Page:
Constructed in 1982 in Toronto’s dense urban core, this park is a central amenity of the Saint Lawrence Market neighborhood. In 1966 the City appropriated the parcel, which was officially dedicated for use as a public park in 1973. One year later it was named to honor William Berczy (born Johann Albercht Ulrich Moll), German-born painter and pioneer who, in 1794, was a co-founder of York (Toronto).
The park occupies most of its triangular block and is bordered on three sides by streets and brick-paved sidewalks. To the east, the Gooderham and Worts Flatiron Building, constructed in 1892, faces the park with a large trompe l’oeil mural painted by Derek Besant in 1980. Lampposts file along the park’s northern and southern edges, with deciduous trees planted at intervals between those on the south.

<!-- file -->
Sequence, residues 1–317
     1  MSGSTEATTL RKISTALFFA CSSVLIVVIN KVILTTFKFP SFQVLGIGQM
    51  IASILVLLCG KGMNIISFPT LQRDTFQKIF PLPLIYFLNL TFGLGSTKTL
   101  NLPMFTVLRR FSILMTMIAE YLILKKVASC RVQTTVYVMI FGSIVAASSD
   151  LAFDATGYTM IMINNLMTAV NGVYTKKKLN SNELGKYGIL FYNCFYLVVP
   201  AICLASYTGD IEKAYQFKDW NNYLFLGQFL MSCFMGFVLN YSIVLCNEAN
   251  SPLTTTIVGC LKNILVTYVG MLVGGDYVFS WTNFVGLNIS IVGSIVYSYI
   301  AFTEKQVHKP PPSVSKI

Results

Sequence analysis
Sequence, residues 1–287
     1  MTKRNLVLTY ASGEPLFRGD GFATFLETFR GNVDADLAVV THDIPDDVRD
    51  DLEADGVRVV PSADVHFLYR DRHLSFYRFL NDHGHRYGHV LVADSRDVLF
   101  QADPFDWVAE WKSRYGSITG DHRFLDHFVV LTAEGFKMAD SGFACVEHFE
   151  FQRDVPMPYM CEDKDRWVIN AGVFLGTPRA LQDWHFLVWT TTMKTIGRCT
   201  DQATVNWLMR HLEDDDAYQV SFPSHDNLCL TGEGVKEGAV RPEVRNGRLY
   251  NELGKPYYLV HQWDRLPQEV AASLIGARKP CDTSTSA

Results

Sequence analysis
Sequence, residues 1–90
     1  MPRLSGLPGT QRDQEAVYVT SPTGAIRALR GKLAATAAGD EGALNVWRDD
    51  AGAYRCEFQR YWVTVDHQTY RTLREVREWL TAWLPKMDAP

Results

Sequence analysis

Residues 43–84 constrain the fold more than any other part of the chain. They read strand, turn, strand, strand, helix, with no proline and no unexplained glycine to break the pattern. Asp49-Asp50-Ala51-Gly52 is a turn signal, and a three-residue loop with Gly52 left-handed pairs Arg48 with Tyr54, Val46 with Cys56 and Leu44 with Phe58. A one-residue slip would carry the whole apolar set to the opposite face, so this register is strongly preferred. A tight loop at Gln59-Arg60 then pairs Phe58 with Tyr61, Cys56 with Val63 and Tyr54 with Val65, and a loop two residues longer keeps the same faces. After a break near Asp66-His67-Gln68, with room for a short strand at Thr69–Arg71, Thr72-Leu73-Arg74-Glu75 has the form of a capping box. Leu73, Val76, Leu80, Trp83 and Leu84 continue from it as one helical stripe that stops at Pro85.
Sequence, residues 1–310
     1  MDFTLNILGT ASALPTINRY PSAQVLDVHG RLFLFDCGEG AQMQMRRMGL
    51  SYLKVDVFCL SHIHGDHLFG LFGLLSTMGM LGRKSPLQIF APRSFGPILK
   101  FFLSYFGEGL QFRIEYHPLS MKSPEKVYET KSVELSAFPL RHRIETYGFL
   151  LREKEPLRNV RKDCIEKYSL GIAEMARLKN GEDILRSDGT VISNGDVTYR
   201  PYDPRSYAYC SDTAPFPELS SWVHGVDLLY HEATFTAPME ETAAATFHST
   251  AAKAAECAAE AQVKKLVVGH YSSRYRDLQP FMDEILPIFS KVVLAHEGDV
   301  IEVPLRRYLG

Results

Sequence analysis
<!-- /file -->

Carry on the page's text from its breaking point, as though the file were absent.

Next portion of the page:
The park has a centralized, circular plaza which connects to a semi-circular plaza to its east by an axial walk, which passes through asymmetrical segments of lawn and groves of trees. Concrete paths from the perimeter on the north, east, and west converge at a circular, raised fountain with jets, around which metal seating springs from brick retaining walls. A bronze sculpture of the Berczy family by Almuth Lutkenhaus has occupied the park’s western edge since 1982. The Berczy Park Revitalization Project was formed by the City in 2013 to address the park’s aging infrastructure.